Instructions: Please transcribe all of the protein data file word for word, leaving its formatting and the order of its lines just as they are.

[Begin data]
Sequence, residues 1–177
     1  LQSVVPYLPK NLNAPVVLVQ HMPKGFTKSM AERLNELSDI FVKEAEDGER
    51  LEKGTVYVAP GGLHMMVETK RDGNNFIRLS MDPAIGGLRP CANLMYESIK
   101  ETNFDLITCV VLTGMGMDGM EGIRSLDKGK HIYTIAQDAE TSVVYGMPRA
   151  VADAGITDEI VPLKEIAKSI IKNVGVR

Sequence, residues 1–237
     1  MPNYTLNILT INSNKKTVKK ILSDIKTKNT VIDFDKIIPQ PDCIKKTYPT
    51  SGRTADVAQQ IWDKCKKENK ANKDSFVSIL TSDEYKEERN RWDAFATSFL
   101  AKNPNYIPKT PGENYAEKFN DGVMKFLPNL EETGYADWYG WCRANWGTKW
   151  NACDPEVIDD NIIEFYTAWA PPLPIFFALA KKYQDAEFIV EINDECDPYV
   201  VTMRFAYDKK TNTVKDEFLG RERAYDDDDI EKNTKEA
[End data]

Sequence, residues 1–177
     1  LQSVVPYLPK NLNAPVVLVQ HMPKGFTKSM AERLNELSDI FVKEAEDGER
    51  LEKGTVYVAP GGLHMMVETK RDGNNFIRLS MDPAIGGLRP CANLMYESIK
   101  ETNFDLITCV VLTGMGMDGM EGIRSLDKGK HIYTIAQDAE TSVVYGMPRA
   151  VADAGITDEI VPLKEIAKSI IKNVGVR

Sequence, residues 1–237
     1  MPNYTLNILT INSNKKTVKK ILSDIKTKNT VIDFDKIIPQ PDCIKKTYPT
    51  SGRTADVAQQ IWDKCKKENK ANKDSFVSIL TSDEYKEERN RWDAFATSFL
   101  AKNPNYIPKT PGENYAEKFN DGVMKFLPNL EETGYADWYG WCRANWGTKW
   151  NACDPEVIDD NIIEFYTAWA PPLPIFFALA KKYQDAEFIV EINDECDPYV
   201  VTMRFAYDKK TNTVKDEFLG RERAYDDDDI EKNTKEA